Busy season stress is no joke. When it hits and those 60-hour work weeks start piling up, where do you turn? You could (and probably will) drain every last drop out of the company coffee pot or slam green energy drinks composed of dubious ingredients. You’ll probably take a few Office Space-style breaks along the […]
Millennials are leading the nation in stress according to a survey by the American Psychological Association. Fusion reports: The group’s annual Stress in America report found that millennials, which they defined as individuals aged 18-35, reported an average stress level of 5.5, compared with 5.4 for Gen X, 4.5 for Baby Boomers and 3.5 for […]
So, CalCPA has this interesting article about managing stress that is definitely worth a read but it's the following description that really stood out to us: The accounting profession, much more so than most, has been known for its high stress environment and culture. I’ve seen an increasing lack of healthy life balance result in […]
Have you experienced workplace stress at any point in your career? In the last year? How about the last month? Or perhaps today? CGMA Magazine reports that stress at work is most often caused by a familiar factor. Understaffing: One-third of professionals frequently experience excessive pressure at work, according to a global survey by Towers […]
It's March. Some of you are tired. Some of you are malnurished malnourished. Some of you are thisclose to crawling under your desks and curling into the fetal position until someone comes by to spur you back into action. And for some, only a bathroom stall can provide the stillness and quiet that a frantic mind […]
I Want to be a CA is a Canadian site, obviously, but Big 4 misery is a universal thing that transcends race, sex and geography. In the spirit of busy season, I'm happy to share the following with those of you slaving away dreaming of running off to the circus. "The Accountant" left Big 4 […]
Much like the flu, it's far too early to say how bad this busy season will be. But this particular case doesn't sound good: We have about 10 days between when the client closes their financials and the earnings release…going to be an intense 10 days… — Life at EY (@EYstaff) January 15, 2013 We'll […]
Deloitte partner Daniel Pirron's suicide is terrible. Anyone that has had to cope with a loved one taking his or her own life knows the helpless feeling you have in the aftermath of such a tragedy. If someone at your company committs suicide, the emotional level is obviously different but it is no less shocking regardless […]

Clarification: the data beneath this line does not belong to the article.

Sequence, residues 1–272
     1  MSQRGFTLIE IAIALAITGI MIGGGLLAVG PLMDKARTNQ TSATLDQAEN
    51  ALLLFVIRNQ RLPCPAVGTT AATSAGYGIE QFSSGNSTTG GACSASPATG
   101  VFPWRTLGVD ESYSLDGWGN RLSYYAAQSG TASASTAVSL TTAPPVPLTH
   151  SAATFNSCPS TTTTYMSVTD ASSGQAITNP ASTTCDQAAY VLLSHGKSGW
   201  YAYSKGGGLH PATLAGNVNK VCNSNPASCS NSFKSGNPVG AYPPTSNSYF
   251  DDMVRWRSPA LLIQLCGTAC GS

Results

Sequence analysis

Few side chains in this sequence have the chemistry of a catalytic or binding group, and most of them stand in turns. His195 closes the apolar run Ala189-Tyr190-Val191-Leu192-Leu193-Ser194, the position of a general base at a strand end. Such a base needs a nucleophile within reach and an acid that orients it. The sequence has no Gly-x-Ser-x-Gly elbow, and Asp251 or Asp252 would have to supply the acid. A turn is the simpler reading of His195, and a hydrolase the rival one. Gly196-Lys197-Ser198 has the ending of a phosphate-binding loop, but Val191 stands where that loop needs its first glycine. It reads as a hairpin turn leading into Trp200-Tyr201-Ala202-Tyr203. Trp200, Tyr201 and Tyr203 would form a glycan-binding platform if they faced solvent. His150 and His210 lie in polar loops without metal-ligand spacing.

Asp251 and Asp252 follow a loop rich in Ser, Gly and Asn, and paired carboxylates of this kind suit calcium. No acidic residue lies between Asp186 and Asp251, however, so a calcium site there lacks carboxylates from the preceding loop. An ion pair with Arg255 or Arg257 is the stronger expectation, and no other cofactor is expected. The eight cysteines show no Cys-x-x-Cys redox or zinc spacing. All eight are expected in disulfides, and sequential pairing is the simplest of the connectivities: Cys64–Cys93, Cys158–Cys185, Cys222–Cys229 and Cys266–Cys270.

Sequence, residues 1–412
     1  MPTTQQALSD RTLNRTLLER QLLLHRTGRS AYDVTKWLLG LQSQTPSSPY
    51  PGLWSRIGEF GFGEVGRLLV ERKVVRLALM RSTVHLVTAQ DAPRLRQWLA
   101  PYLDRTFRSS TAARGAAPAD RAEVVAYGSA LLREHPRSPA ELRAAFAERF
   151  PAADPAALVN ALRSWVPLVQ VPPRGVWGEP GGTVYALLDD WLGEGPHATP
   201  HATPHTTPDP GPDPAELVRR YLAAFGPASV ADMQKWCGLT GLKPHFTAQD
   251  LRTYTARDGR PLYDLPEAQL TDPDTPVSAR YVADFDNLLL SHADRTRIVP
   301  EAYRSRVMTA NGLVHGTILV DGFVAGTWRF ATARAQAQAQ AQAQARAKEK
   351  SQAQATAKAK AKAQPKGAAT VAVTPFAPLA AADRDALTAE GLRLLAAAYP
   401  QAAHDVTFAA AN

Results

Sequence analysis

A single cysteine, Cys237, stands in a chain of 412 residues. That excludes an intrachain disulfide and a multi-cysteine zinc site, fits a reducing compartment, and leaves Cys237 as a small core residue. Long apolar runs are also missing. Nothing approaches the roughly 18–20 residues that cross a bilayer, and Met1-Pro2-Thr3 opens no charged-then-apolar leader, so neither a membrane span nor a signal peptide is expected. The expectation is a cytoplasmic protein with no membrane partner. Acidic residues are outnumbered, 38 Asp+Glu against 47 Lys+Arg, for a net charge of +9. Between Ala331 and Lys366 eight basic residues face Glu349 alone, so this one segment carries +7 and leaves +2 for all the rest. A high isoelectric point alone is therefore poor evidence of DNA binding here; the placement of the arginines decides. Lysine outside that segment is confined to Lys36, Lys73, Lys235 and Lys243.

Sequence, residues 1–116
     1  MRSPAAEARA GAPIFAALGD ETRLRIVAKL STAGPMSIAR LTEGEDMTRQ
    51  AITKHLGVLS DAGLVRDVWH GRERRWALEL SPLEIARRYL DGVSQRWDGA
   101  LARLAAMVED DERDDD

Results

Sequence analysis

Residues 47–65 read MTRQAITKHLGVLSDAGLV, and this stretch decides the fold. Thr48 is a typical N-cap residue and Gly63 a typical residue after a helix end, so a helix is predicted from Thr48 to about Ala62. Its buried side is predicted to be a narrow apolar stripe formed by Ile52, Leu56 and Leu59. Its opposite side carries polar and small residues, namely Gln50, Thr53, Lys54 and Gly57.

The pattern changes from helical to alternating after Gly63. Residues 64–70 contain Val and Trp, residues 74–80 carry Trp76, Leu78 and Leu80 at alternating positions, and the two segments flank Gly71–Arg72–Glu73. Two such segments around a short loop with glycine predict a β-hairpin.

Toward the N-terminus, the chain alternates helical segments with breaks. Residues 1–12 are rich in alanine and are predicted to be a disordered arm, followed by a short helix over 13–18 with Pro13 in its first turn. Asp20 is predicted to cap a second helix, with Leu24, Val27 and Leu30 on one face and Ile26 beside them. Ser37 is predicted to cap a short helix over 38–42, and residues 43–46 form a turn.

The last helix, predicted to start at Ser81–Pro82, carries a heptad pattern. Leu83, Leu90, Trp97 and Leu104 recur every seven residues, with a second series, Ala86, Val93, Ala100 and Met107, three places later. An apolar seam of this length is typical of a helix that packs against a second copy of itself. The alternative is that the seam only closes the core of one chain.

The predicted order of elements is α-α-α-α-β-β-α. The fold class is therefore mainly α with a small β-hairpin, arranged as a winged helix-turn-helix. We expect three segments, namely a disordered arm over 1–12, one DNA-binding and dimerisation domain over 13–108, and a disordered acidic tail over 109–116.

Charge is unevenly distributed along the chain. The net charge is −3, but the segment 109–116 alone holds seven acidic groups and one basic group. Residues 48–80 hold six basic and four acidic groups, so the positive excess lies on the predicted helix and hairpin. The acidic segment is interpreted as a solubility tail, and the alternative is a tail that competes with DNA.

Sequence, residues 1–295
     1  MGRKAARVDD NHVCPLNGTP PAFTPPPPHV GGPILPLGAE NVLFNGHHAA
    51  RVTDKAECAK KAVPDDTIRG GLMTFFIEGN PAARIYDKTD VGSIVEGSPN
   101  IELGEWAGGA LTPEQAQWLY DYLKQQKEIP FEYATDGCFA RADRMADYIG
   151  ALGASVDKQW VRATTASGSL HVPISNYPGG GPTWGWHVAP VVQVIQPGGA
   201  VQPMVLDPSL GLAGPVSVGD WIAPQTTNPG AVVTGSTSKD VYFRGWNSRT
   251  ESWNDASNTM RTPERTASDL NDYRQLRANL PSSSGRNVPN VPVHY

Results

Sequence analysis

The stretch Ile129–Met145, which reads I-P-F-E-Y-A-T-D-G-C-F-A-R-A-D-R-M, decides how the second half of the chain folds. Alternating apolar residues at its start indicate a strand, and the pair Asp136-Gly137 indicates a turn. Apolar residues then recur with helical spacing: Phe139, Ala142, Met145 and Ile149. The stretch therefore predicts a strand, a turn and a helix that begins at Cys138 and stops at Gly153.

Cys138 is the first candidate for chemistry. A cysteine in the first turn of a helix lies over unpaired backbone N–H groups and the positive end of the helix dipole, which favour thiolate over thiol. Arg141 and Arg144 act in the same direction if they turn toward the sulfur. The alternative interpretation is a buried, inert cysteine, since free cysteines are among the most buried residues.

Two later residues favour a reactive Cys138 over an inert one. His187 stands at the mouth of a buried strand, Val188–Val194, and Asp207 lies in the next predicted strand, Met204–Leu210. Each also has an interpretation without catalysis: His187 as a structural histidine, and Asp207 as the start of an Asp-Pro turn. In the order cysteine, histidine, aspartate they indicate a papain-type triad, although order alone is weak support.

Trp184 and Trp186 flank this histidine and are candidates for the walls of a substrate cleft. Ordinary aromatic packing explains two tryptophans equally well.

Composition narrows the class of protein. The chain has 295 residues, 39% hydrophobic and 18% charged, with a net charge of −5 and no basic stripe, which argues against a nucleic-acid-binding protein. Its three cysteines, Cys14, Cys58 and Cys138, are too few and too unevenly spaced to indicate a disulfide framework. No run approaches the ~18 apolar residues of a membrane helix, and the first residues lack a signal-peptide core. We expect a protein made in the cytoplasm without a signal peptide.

According to an intrepid survey by Accountemps that investigated what stresses out CFOs, balancing work and life responsibilities was listed as the biggest drag. This beat out office politics, keeping up with accounting and finance regulations, higher workloads, and a "challenging commute." Maybe all these men and women wouldn't be so stressed if more of them […]
Yeah, we all have our tax season stories. Like remember the day in April when you got arrested on charges of stealing from your business partner while your husband got arrested for making a drunken spectacle of himself at the local elementary school? You don’t? Then your story can’t top this one out of the […]
Yep! And apparently there’s new evidence “suggesting” as much:
The Chartered Accountants’ Benevolent Association is logging rising numbers of calls from professionals who appear to be developing mental health issues, or believe they are at risk of doing so. Interim operations team manager Helena Coxshall said the evidence is not conclusive as the helpline does not offer medical diagnosis, but highlighted rising numbers of calls in the second half of 2011. “These are coming from people who feel that they are heading towards a potential breakdown and we also see it from people who call us regarding other issues, but appear to be showing symptoms of mental illness of which they may be unaware,” she continued.
So take care out there, masters of the double-entry system. The last thing we want to see is any of you cracking up.
Accountants’ mental health ‘hit by stress’ [Accountancy Age]
Almost two-thirds (63%) of accountants felt their firms should do more to support health and wellbeing, according to a new survey. More than half (55%) said their stress levels have increased over the past 12 months and 68% said their jobs have made them ill, citing stress as the main cause, Sovereign Health Care reports.
Chief executive Russ Piper said higher workloads combined with pay freezes have hit morale and dented employee contentment, noting 53% of accountants said they would change jobs for a better benefits package on the same salary.
Accountants bemoan unfeeling employers [Accountancy Age]
Not only that but another shocking revelation is that they use caffeine to help them pull through this tough stretch.
They work 60-hour weeks this time of year, relying on pots of strong coffee and late-night dinners to help them calculate an endless swirl of numbers. Accountants are working feverishly to meet the deadline to file their clients’ tax returns this year even though they have extra time to do so.
Also, this just in – things get stressful because taxes are complicated:
The late nights can get intense, according to Carolyn Dolci, a tax partner in the Hackensack office of EisnerAmper. “It is busier than last year, partly because of the complexity of the tax code,” she said.
If you’re experiencing this phenomenon in your office, tell us your story in the comments below. Things will remain fluid for a few more weeks; we’ll keep you updated with any developments.